Originally Posted by loosie
...The whole point as far as I'm concerned was about why SHOULDN'T you make the most of positive reinforcement too - be that with clickers & treats or otherwise. Why limit yourself to half the spectrum?? Why should you be so against rewarding your horse with something Good...
No. I don't know how better to get across to you than has already been explained, that the above eg is negative reinforcement.
I think horses do indeed think differently about +R & -R. Another point of the discussion. If you don't care, I don't get why you've joined the discussion??
1 - Good is a value judgment that I don't think horses share. It implies the trainer is 'nice', or 'good' - and I think that is what motivates a lot of folks to start 'positive' training...because it involves being 'good', instead of being 'bad'. But the horse doesn't respond to 'negative' reinforcements as being 'bad'. It is either fair or unfair. Either I'm being a bully, or being just.
They live their entire lives that way! No lead horse gives treats to entice another horse to do what they say. No lead horse whinnies "Good boy" to a gelding who does something right. It simply is not in their nature.
2 - When a horse realizes her rider can help figure out scary from not scary, it is a huge relief to them. It means, for Mia, that she no longer has to take charge and save everyone on a trail ride.
Think of it like fly spray. My horses don't like the feeling of fly spray, but 2 of the 3 figured out pretty quick that the nasty feeling of fly spray is followed by relief from flies. Now when I spray some fly spray on my hand, they will rub their faces against my hand on their own. It doesn't matter to them that they don't like the feel, because they connect it to the reward beyond.
3 - If no one who thought like I do took part in the discussion, all you would have is a cheerleading thread full of back-slappers. And then a lurker would think, "I ought to be positive, because I want a Happy Horse Who Loves Me".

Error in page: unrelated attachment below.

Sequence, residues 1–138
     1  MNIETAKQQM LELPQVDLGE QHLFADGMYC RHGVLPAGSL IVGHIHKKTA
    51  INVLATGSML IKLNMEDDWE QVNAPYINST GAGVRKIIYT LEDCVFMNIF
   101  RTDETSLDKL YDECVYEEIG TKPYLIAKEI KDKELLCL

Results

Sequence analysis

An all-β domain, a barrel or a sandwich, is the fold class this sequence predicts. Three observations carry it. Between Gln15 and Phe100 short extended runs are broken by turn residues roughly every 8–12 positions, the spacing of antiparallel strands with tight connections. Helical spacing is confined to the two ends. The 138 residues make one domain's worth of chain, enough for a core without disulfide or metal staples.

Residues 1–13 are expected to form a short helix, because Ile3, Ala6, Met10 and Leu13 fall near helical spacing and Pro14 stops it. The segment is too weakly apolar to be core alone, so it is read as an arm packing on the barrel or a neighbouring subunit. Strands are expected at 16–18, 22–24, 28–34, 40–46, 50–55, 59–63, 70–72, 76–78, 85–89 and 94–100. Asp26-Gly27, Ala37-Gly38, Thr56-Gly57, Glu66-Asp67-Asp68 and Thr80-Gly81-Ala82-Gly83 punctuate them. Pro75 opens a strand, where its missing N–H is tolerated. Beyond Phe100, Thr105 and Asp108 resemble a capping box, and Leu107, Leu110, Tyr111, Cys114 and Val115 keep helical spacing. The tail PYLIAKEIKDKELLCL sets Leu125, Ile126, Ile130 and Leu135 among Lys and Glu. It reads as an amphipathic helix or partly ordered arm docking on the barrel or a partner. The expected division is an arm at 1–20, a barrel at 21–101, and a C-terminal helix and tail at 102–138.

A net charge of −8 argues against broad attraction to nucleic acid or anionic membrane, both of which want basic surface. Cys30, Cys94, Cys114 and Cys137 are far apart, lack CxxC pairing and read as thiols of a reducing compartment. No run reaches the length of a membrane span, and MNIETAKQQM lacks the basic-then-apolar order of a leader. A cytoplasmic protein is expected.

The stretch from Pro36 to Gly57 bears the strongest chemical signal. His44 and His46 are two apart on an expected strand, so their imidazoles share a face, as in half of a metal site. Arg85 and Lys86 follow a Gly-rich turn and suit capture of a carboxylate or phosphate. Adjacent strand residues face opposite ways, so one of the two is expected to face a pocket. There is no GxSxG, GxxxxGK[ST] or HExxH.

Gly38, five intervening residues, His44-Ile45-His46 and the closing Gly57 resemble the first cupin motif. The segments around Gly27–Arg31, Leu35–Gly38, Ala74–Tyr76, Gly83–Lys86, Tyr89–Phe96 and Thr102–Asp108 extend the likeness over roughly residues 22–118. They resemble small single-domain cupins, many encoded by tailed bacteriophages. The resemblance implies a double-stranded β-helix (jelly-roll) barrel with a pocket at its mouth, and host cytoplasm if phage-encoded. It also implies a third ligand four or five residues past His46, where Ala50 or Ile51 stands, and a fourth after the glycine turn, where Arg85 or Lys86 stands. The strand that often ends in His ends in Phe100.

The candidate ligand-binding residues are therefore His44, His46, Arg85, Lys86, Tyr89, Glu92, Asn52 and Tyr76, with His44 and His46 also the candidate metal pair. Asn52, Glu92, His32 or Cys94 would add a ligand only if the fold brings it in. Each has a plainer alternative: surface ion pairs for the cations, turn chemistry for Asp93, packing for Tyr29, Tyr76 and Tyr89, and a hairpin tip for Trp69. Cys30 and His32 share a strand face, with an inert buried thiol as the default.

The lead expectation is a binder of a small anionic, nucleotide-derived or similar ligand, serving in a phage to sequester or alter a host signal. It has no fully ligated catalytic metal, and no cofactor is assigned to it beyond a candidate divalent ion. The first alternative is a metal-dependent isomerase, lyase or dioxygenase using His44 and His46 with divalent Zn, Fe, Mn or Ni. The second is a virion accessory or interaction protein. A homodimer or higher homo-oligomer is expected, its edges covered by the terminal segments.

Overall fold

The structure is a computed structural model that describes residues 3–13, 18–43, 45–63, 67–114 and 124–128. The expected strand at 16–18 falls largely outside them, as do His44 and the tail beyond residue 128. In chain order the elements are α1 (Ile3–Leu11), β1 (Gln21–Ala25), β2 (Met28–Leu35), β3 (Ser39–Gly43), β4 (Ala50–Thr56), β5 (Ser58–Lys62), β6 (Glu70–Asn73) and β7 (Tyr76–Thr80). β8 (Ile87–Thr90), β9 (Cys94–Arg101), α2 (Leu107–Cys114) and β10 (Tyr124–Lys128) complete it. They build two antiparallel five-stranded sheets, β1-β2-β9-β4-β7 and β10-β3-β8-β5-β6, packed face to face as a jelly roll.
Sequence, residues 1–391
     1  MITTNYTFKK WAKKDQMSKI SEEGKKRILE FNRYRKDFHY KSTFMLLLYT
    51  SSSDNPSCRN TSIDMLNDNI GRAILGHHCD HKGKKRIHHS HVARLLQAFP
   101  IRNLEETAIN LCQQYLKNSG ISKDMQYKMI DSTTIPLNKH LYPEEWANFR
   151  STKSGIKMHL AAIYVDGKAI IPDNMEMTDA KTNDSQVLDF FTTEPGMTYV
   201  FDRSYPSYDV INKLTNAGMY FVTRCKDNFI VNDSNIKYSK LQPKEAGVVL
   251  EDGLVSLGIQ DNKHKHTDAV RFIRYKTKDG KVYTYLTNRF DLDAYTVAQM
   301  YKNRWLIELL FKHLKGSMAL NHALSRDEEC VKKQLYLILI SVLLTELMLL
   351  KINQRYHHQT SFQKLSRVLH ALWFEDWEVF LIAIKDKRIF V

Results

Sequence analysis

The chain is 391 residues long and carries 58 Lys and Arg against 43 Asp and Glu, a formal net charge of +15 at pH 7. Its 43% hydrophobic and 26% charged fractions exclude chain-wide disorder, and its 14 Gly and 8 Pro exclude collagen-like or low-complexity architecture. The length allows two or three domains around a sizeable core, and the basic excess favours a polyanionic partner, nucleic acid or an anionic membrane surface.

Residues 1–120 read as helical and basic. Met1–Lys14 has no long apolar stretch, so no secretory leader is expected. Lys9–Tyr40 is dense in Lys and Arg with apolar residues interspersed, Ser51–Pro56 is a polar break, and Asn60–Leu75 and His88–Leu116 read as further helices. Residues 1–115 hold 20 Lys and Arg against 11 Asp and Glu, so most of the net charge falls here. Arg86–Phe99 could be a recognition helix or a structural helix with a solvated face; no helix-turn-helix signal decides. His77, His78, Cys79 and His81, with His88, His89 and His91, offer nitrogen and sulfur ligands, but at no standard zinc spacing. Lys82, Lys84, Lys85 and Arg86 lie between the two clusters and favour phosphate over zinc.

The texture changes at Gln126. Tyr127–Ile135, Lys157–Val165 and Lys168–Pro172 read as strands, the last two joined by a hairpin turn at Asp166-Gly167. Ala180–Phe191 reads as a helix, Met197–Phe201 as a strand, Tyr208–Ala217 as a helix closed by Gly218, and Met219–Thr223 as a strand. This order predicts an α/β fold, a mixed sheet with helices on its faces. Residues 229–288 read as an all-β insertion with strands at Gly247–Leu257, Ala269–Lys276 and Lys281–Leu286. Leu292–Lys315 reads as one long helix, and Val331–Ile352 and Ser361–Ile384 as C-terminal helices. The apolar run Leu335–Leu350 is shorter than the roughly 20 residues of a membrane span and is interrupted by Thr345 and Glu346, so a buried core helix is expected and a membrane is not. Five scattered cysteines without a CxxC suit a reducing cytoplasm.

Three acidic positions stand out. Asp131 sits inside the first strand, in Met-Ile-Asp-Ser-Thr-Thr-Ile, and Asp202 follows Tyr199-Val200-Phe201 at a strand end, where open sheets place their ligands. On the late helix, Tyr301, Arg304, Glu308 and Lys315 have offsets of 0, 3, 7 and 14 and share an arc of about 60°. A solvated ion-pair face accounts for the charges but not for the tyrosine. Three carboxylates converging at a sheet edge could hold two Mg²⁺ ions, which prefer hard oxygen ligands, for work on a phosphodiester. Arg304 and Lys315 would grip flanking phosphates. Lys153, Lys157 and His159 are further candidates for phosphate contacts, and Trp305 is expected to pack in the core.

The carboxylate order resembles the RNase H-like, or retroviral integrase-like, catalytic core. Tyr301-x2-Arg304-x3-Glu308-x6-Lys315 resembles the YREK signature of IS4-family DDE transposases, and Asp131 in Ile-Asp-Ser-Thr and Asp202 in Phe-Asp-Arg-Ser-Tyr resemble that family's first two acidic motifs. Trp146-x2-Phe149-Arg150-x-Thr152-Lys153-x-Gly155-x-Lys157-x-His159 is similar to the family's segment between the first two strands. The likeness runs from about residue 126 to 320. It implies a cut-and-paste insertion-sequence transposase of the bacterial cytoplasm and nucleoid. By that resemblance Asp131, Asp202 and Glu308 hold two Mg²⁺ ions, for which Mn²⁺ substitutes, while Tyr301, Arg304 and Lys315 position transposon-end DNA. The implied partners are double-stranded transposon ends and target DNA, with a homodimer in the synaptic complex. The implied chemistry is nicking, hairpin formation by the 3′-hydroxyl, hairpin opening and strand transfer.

Much of this positive/negative talk fails to appreciate that horses adapt to our cues. Mild pressure from my calf is not painful to a horse. It isn't really THAT irritating. Trooper is used to being ridden western, with rare lower leg contact. Mia is used to a more English seat, with constant light contact with my lower leg. I think they normally understand the removal of pressure as the same thing as a click with clicker training - it means, NOW you did it right.
I think it is harmful to horses to speak of 'positive training', because A) few people understand positive in its clinical sense, and B) fewer still would know how to use it well. Too many humans enter the horse world with no knowledge at all about horses (like I did 5-6 years ago). They then get suckered into things like "bitless is nice, bits are cruel" or "ride the bond" or "be your horse's friend". And that hogwash can get you killed or hurt. I stopped riding today after 30 minutes because my right, lower back is still sore from an injury in Jan 2009. It doesn't happen as often, but it still flares up (and swells up visibly) at times.
Mia likes and trusts me in a way our other horses do not. But Mia wouldn't like me at all if I was all positive. She wouldn't respect me if she didn't know I was willing to get all over her case - just as she would be willing to jump in the chili of our geldings, if they defied her. We have a religious revival about once a month. Maybe a bit less often, now. She'll say, "You're not the boss of me" and I'll reply, "Like hell I'm not", and the fight is on. It usually lasts around 5 minutes, followed by 5-10 minutes of slightly offended attitude by Mia, and then followed by 4-8 weeks of a willing horse. Horses understand 'I'll kick your butt'
! They do not resent it...if it is fair, consistent and they know the rules. It is not morally negative way of training. This phrase was very revealing: "Why should you be so against rewarding your horse with something Good
". You are attaching a moral value that 'positive' and 'negative' do not clinically have, so as to make your case - your case being that 'positive reinforcement' is "Good". I reject that moral judgment, and my horses do not understand it at all...